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Dachshund Racing


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I'm glad they have something dog related there. They dropped their dog section from the show. :(

Yes, I was surprised about that. There are several events for pet dogs and a high jump competition, both of which always draw big entries and are popular with the general public. It does seem however, that the gap in interest between purebred dogs and novelty events for pets is forever widening :(

Maybe the public just find traditional showing boring. Purebred dogs can do novelty events, or very physical sporting events which will show off their athletic abilities and are much better spectator sports for the person on the street.

I don't see why it would be any more boring than poultry, cattle or rabbit showing? *shrugs*

My understanding was that the decision had nothing to do with the public and everything to do with Show Committee politics. Most notably the politics of giving the horse exhibitors more room. How quickly some show committees forget how they made dogs centre stage during the equine influenza outbreak and how dog exhibitors kept them afloat.

The impact on income will be significant. Time to wait and see what happens next.

It would have been nice for people to see and meet Dachsie breeders if they were interested in the dogs as opposed to walking the mine field of finding a dog on Gumtree.

What I meant was that I dont see alot of non show people spectating at dog shows, I dont know if they find it boring or not, it was just a thought. When I think about it our big aggie show's changed so much, they've even sold off alot of the grounds that once had beautiful historic stables and put shops there, pulled down the main arena and put lots of food stalls there. I was shocked when I went last September, I saw very few animals. :( My impression was it's mostly noisy rides and gourment food tents now. They had a stand set up for spectators to watch the dogs but it was only about 1/3 full if that.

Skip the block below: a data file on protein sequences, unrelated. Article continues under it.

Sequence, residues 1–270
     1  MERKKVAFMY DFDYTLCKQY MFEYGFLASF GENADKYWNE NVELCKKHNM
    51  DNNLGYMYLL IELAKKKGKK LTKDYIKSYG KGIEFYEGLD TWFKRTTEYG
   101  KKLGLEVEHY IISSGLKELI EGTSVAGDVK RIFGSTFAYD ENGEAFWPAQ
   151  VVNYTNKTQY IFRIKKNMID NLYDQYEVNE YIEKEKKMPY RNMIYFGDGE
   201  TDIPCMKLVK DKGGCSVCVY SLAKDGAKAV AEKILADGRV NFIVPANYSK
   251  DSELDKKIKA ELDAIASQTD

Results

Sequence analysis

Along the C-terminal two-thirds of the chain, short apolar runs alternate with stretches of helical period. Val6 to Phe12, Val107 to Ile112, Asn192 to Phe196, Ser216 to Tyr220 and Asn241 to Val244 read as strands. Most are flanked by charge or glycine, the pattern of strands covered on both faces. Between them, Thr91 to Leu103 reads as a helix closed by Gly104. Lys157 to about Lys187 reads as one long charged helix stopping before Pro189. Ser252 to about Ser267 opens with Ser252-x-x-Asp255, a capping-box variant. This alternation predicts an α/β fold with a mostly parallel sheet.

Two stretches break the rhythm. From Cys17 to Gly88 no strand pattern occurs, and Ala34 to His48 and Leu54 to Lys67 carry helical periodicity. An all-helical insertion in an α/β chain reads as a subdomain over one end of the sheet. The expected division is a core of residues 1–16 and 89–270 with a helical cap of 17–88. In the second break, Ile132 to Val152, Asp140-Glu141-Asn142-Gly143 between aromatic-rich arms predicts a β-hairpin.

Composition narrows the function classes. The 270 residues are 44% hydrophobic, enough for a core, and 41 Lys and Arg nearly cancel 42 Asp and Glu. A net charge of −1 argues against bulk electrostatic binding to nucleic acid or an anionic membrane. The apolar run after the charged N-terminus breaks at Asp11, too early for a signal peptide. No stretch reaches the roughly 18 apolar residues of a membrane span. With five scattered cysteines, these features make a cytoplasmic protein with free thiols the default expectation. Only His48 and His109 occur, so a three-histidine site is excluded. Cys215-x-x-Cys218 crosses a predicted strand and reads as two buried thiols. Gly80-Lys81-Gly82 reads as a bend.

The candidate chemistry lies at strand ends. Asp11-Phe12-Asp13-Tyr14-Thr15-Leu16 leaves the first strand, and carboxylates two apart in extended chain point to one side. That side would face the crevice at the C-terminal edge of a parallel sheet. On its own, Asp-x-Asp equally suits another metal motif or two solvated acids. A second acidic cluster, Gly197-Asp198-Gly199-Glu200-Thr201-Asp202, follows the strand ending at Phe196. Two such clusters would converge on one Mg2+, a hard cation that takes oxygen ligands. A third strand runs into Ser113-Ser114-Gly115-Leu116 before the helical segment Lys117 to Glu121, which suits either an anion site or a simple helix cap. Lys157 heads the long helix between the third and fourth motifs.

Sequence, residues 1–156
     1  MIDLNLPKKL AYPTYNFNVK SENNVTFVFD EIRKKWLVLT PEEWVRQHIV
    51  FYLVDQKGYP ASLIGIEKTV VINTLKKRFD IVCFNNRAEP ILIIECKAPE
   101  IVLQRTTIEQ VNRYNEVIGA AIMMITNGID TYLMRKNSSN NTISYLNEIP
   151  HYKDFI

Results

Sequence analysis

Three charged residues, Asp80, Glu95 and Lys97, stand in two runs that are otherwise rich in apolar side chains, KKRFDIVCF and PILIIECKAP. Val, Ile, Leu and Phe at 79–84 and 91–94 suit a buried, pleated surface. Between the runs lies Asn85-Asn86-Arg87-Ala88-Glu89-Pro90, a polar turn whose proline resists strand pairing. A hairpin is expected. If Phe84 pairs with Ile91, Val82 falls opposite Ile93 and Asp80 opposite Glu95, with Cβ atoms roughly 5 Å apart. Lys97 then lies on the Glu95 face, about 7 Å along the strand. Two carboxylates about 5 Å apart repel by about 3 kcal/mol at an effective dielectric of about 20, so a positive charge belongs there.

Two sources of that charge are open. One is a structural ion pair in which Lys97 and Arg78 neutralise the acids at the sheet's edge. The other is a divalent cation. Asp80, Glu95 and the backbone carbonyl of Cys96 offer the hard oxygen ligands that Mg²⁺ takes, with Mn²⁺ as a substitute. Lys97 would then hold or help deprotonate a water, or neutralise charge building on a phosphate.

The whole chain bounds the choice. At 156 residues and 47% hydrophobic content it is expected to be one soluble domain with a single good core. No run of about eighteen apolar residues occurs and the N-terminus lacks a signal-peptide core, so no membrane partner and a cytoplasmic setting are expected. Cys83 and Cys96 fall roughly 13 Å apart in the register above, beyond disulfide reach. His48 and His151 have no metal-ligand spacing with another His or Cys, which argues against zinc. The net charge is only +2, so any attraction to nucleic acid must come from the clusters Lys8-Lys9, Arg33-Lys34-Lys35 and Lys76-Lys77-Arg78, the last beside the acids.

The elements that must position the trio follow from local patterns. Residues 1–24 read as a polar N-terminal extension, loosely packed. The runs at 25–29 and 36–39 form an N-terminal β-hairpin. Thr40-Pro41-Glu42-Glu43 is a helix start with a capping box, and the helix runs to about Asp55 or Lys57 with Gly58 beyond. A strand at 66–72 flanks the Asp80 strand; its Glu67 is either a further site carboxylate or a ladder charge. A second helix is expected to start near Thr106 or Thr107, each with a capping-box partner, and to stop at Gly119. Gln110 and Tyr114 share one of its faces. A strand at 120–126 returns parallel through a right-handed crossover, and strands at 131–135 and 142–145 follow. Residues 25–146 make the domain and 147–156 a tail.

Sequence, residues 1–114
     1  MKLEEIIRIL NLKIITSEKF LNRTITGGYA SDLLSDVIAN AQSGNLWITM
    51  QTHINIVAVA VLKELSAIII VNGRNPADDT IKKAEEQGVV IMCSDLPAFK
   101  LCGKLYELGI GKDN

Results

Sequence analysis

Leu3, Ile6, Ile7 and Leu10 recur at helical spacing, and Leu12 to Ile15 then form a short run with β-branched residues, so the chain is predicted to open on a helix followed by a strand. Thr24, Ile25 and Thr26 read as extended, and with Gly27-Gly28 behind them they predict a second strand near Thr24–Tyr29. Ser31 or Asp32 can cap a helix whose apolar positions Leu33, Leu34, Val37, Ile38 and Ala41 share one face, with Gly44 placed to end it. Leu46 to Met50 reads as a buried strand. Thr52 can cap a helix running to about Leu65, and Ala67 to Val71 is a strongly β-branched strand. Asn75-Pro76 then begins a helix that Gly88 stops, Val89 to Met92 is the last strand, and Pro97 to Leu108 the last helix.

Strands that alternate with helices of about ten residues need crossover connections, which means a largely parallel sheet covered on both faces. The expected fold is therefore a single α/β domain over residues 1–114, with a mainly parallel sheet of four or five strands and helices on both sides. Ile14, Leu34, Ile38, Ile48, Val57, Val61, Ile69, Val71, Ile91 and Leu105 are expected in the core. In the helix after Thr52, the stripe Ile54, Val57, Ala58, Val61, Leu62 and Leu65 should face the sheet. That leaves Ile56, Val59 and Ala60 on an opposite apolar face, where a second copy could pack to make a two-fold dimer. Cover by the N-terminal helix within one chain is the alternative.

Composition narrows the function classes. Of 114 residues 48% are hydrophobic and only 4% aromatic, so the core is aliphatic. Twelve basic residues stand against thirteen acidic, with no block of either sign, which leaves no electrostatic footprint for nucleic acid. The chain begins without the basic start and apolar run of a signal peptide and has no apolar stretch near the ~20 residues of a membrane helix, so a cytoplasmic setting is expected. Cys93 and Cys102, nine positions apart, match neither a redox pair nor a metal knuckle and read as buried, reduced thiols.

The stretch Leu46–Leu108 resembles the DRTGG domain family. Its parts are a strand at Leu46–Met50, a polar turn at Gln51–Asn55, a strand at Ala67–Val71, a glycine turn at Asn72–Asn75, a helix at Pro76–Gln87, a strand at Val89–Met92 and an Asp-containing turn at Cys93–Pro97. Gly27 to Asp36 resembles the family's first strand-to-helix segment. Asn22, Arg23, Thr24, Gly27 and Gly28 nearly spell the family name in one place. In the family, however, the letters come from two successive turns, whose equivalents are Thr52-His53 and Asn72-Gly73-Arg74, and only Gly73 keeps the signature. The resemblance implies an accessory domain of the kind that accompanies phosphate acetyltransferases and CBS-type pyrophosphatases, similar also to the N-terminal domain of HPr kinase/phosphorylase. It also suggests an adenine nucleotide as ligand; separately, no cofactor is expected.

Edited by Kirislin
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I'm glad they have something dog related there. They dropped their dog section from the show. :(

Yes, I was surprised about that. There are several events for pet dogs and a high jump competition, both of which always draw big entries and are popular with the general public. It does seem however, that the gap in interest between purebred dogs and novelty events for pets is forever widening :(

Maybe the public just find traditional showing boring. Purebred dogs can do novelty events, or very physical sporting events which will show off their athletic abilities and are much better spectator sports for the person on the street.

I don't see why it would be any more boring than poultry, cattle or rabbit showing? *shrugs*

My understanding was that the decision had nothing to do with the public and everything to do with Show Committee politics. Most notably the politics of giving the horse exhibitors more room. How quickly some show committees forget how they made dogs centre stage during the equine influenza outbreak and how dog exhibitors kept them afloat.

The impact on income will be significant. Time to wait and see what happens next.

It would have been nice for people to see and meet Dachsie breeders if they were interested in the dogs as opposed to walking the mine field of finding a dog on Gumtree.

What I meant was that I dont see alot of non show people spectating at dog shows, I dont know if they find it boring or not, it was just a thought. When I think about it our big aggie show's changed so much, they've even sold off alot of the grounds that once had beautiful historic stables and put shops there, pulled down the main arena and put lots of food stalls there. I was shocked when I went last September, I saw very few animals. :( My impression was it's mostly noisy rides and gourment food tents now.

Maybe it's a bit like watching cricket? Gotta be interested to want to watch. I could watch the horses or dogs all day - I could even watch the cattle having shown them in highschool but cricket is just dudes standing in a field doing things I don't understand. Seems very boring to me...